Manufacturing and consent: Issues with prefabrication at scale

This month in our Prefab series we take a glimpse at how the current building consent regime applies to prefabrication at scale – manufacturing at home or offshore.

Manufacturing homes at scale – Multiproof

The Building Act 2004 provides for what is commonly referred to as MultiProof approval. If a manufacturer plans to replicate the same or similar standardised building design many times, sections 30A-20H of the Building Act cover a national multiple-use approval statement by the Ministry of Business, Innovation and Employment (MBIE). MultiProof approval is well placed to provide an efficient consent process for prefabricated buildings.

Conditions for MultiProofs include building an approved MultiProof design at least 10 times over two years.

While each prefabricated building still requires building consent from a local authority, the MultiProof speeds up the consent process. Section 19(1)(ca) of the Building Act provides that a building consent authority must accept a MultiProof as establishing compliance with the Building Code if all relevant conditions of the relevant MultiProof are met. A MultiProof can cover variations in design, so long as they are accounted for in the MultiProof.

Consent for offshore

In Auckland Council v Liaw [2017] NZDC 13532 the District Court was asked whether a code compliance certificate can be issued by a building consent authority that permits the use of prefabricated components for a building where a significant portion of the prefabrication occurred offshore. The buildings were both substantially prefabricated with manufacturing of these components occurring offshore. In both cases, the prefabricated components were specified in the building consent application to be subject to the relevant MultiProof approval.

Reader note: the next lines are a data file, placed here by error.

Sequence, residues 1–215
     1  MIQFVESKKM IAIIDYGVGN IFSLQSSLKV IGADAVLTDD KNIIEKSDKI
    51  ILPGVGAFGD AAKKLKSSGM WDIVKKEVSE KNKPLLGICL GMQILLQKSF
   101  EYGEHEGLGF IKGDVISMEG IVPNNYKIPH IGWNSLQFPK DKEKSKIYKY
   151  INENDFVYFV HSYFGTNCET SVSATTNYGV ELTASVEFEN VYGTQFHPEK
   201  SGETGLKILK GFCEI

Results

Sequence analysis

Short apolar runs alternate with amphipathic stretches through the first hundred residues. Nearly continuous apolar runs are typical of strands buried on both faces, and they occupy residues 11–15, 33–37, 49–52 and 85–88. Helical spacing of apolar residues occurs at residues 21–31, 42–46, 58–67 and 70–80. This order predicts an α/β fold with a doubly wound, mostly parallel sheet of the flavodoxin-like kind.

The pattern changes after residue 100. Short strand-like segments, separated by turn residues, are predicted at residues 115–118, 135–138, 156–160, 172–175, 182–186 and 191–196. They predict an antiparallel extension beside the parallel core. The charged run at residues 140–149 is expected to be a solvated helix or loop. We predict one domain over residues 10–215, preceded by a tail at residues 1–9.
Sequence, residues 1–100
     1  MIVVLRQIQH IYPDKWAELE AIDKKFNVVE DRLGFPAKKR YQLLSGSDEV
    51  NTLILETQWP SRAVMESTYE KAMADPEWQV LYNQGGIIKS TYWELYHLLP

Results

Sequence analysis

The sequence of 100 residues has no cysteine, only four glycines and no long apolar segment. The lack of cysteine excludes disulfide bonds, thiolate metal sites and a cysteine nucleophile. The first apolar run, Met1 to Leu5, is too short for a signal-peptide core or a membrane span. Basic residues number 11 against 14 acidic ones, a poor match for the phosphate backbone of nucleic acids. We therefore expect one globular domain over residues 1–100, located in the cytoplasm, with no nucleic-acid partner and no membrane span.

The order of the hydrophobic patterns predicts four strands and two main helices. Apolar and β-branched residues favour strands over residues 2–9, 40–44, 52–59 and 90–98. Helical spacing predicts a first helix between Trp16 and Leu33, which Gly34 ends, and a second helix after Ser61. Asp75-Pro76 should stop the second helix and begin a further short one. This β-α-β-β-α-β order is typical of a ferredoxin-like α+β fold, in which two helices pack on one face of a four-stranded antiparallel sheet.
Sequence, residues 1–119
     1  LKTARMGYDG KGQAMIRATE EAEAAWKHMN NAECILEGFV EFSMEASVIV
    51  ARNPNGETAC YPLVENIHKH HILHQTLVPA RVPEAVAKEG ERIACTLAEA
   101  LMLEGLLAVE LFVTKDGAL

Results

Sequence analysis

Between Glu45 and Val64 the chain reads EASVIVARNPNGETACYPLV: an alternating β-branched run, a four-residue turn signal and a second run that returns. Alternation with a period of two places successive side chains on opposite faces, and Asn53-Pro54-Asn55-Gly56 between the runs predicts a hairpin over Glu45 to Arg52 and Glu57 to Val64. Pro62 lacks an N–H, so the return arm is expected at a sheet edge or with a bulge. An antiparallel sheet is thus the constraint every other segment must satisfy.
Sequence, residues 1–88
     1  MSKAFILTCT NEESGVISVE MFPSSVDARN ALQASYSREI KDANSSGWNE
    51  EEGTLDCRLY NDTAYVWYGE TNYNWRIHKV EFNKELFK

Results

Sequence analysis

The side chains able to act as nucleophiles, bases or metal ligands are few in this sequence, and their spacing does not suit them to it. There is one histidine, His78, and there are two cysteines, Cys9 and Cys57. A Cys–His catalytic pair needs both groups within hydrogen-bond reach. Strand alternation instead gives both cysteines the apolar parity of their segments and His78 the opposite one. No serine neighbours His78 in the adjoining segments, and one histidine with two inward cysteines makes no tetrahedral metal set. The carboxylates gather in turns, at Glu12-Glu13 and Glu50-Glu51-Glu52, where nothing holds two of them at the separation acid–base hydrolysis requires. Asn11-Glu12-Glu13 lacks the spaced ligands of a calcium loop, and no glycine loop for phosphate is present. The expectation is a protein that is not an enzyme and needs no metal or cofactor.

The Court said there should not be a difference in the consent process whether the prefabricated component is made in New Zealand or offshore – either way the manufacturer should submit to inspection regimes or face not getting a consent or code compliance certificate.

Unfortunately for consenting authorities, the Court did not provide any insight into the circumstances where a consenting authority is asked to certify as code compliant building work containing components manufactured offshore that have not been the subject of an inspection regime.

At scale prefabs and consenting authorities

The possibilities of offshore prefab also pose some interesting questions for the industry and building products:

  • What is the compliance cost for importers, and the competitive advantage to importers if compliance is not achieved or enforced?
  • What is the cost and risk to consenting authorities and ratepayers of ensuring compliance?
  • If a consenting authority owes a duty to purchasers of buildings in New Zealand, does that extend to buildings built offshore but purchased in New Zealand?

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